Speaking to RTL, motorsport advisor Helmut Marko is very upbeat about his team’s situation but does not think Mercedes are in as bad a situation as some claim. Saying “That was certainly the best test since Red Bull Racing came into existence, everything worked right from the start.”
“But we know that Mercedes is the favourite, and I assume that they drove with much more fuel than we did. The fact that they didn’t really align with others in terms of fuel load, that already shows that they must have a lot of confidence. So we assume they still have a lot up their sleeves.”
Marko says Mercedes is the favourite and Red Bull are the best challengers this season, with McLaren a bit out of touch for the team with the midfield closer together.
This season, Red Bull has targeted their aero anomalies which left both Verstappen and Alex Albon battling its nature sometimes. Marko thinks that Red Bull has produced exactly what it wanted, which should leave Verstappen and Perez better able to push things to the limit.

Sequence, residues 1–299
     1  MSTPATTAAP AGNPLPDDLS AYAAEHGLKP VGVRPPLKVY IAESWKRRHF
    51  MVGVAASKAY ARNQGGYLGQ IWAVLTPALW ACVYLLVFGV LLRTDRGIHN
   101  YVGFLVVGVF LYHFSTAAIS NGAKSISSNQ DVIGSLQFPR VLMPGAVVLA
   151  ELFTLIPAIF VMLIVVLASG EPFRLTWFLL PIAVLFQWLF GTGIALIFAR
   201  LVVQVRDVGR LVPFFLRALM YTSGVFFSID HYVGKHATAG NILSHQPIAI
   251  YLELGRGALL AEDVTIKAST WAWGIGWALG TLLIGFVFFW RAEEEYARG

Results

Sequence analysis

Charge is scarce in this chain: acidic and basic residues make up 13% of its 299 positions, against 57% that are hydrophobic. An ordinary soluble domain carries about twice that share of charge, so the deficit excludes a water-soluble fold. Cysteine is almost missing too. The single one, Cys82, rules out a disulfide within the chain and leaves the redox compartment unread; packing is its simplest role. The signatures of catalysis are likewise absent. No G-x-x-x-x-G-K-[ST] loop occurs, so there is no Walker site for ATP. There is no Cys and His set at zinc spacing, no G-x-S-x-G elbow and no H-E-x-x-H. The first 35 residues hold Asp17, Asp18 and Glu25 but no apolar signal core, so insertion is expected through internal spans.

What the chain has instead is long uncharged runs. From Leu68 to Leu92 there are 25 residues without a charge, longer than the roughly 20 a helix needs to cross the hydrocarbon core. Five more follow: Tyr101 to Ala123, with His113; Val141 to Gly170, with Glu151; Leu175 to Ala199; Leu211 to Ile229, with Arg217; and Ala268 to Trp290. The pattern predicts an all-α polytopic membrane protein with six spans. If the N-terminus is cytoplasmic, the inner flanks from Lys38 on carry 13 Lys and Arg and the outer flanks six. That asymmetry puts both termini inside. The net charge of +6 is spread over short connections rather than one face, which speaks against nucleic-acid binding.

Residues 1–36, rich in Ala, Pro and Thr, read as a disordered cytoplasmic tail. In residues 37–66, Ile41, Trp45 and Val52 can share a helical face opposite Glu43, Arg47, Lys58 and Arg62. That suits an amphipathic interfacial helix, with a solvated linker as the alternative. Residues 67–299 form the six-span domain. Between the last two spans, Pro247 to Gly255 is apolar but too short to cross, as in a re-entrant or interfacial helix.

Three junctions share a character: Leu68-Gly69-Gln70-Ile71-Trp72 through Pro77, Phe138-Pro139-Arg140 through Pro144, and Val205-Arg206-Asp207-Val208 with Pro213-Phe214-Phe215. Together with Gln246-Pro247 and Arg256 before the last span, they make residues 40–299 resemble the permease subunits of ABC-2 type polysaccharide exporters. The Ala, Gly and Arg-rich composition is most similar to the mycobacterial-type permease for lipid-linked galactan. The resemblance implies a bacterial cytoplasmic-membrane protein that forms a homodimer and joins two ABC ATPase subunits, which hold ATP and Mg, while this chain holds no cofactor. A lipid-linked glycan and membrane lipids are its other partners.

Saying “Compared to Mercedes, our car definitely seems calmer. Of course, that makes it easier for a driver. It’s predictable, and you can work better at the limit. But that was also the goal.”
Vettel convinced Mercedes can bounce back
Sebastian Vettel believes Mercedes will bounce back from its pre-season testing woes by the first race, despite lacking the “mileage miracle” it had in recent years.
The seven-times champions had a difficult weekend in Bahrain ahead of next weekends opening race, with both Lewis Hamilton and Valtteri Bottas having reliability issues and difficulties for both its drivers in finding a good balance left it on the back foot.
At the end of the test, Mercedes had completed the fewest laps of all teams, with its drivers having logged just 1645km over the three days. That compares with AlphaTauri and Alfa Romeo putting in 2284km each, and Red Bull notching up 1997km.
In recent years, Mercedes has been topping the mileage sheet in testing and have proved reliable in terms of pre-season tests over recent years, as it often racked up near-perfect preparations.